Not a paper tiger, not a plush toy tiger. A real tiger, all eleven feet and 670 pounds of him. He was trying to balance on the too short surface, his legs pulled up tight under his body, his head perched casually on his front paws. He gave me a bored look as I tried to muster up enough courage to reclaim my space.
I waved my arms towards him as if he were a fly.
"Go on now, scat!"
He merely lifted his head, opened his mouth to yawn, then placed it back on his paws, shutting his eyes and falling asleep.
I weighed my options. He was nearly five times my size; his paws were the size of dinner plates (dinner plates with razor sharp claws at the end of them). I couldn't push him off the desk, and I had nothing to lure him away with. I needed to get to my computer and finish a report that was due in an hour. I slowly walked behind my desk, sat down in my chair, and turned on the computer. The tiger opened one eye to regard me.
"I have work to do. Don't stay awake on my account."
The tiger stared at me another minute, then closed his eye. He began to snore as I opened a spread sheet.
About ten minutes later, one of the company's interns came to my door.
"OH MY GOD! There's a tiger on your desk!"
"Yes, he's sleeping. I wouldn't wake him up if I were you."
She hesitated for a moment, then whispered loudly,
"Can I have twenty dollars from petty cash? I need to buy bagels."
I pulled out the cash box and held out a bill towards her. She tippy toed closer and grabbed the money. Her curiosity got the better of her; I saw her gently pet the top of my tiger's head.
"He's so soft."
"Yes, he is. But he snores."
"Well, no body's perfect."
She turned and walked out of my office. The tiger grunted in his sleep and shifted his weight, trying to find a more comfortable position.
I kept working as my dead line loomed. I was just about to fill in the final formula when my supervisor came charging into my office. He squealed like a pig when he saw my desk.
"What is that?! You know animals aren't allowed in the office."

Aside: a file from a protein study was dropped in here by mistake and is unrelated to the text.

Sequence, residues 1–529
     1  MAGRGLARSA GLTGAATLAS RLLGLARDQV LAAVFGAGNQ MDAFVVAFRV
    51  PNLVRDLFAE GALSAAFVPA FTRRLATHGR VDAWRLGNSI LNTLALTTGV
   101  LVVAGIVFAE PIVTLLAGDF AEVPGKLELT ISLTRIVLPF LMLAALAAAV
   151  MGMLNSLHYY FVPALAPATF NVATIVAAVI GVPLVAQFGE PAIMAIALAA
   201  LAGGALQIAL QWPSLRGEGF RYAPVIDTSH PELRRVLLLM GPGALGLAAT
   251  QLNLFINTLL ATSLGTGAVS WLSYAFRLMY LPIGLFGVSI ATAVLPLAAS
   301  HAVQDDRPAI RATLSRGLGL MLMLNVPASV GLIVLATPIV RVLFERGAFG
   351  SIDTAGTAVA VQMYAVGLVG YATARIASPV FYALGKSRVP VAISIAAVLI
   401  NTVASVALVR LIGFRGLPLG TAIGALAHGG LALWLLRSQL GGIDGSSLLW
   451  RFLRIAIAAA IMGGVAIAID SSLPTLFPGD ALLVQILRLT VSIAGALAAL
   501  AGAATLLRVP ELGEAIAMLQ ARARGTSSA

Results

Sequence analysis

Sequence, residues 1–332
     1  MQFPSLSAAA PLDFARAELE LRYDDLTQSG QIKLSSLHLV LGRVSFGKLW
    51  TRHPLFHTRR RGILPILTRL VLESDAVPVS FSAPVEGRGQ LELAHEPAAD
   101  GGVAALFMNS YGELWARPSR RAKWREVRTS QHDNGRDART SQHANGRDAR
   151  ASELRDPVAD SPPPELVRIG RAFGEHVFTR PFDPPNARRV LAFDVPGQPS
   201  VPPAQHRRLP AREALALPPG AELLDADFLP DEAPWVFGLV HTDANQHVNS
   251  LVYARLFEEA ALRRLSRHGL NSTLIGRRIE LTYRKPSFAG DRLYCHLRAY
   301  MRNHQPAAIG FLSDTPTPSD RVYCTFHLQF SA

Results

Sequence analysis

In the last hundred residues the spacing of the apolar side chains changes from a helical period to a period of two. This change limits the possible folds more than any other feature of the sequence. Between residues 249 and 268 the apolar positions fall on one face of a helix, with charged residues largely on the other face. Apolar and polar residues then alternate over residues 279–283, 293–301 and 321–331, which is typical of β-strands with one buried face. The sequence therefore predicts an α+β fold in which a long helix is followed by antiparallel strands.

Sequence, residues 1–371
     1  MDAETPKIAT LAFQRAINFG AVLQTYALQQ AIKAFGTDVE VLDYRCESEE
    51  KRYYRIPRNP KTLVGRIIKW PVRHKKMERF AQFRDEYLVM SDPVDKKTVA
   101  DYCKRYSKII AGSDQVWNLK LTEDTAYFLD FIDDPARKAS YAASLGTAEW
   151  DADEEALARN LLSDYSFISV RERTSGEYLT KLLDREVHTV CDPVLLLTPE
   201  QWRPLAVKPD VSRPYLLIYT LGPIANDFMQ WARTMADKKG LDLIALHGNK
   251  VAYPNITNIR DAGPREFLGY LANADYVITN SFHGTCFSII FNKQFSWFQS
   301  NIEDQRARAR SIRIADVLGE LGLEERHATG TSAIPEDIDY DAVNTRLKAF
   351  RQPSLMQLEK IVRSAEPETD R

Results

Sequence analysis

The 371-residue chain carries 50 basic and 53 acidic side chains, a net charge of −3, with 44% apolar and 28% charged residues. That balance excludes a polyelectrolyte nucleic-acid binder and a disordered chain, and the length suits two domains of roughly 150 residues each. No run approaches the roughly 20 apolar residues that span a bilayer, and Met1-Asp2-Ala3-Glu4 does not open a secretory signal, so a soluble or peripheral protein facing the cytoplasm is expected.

"He was here when I got in."
My supervisor scrunched up his weaselly little face as he began to pace frantically in a circle.
"What's a tiger doing here? You've got to get rid of him, the auditors will be here any minute, we're all going to get fired!! GET RID OF HIM!!"
He wasn't using his indoor voice. The tiger woke up, looking very grumpy. He trained his eyes towards the source of his irritation as his muscles began to tense. My supervisor froze as the blood began to drain from his face, his breath short and shallow. I sat quietly and waited. Finally I heard my voice whisper.
The tiger leaped and tackled my supervisor in one fluid moment, grabbing him by the neck and dragging him into the back room. I could hear a brief struggle behind me, then the sounds of flesh ripping and chewing. I went into the kitchen and found a large bowl and filled it up with cold water, then slowly brought it back to my office. The tiger had come out of the back room. We stared at each other for a moment; I placed the water before him and sat back down. He drank it in one gulp, then jumped back up on our desk and began to clean his paws and face. I finished my work and hit print. The tiger had settled down for another nap. I gently petted his head and scratched his ears.
The only hitch I can see in this relationship is if they don't hire a replacement quickly enough.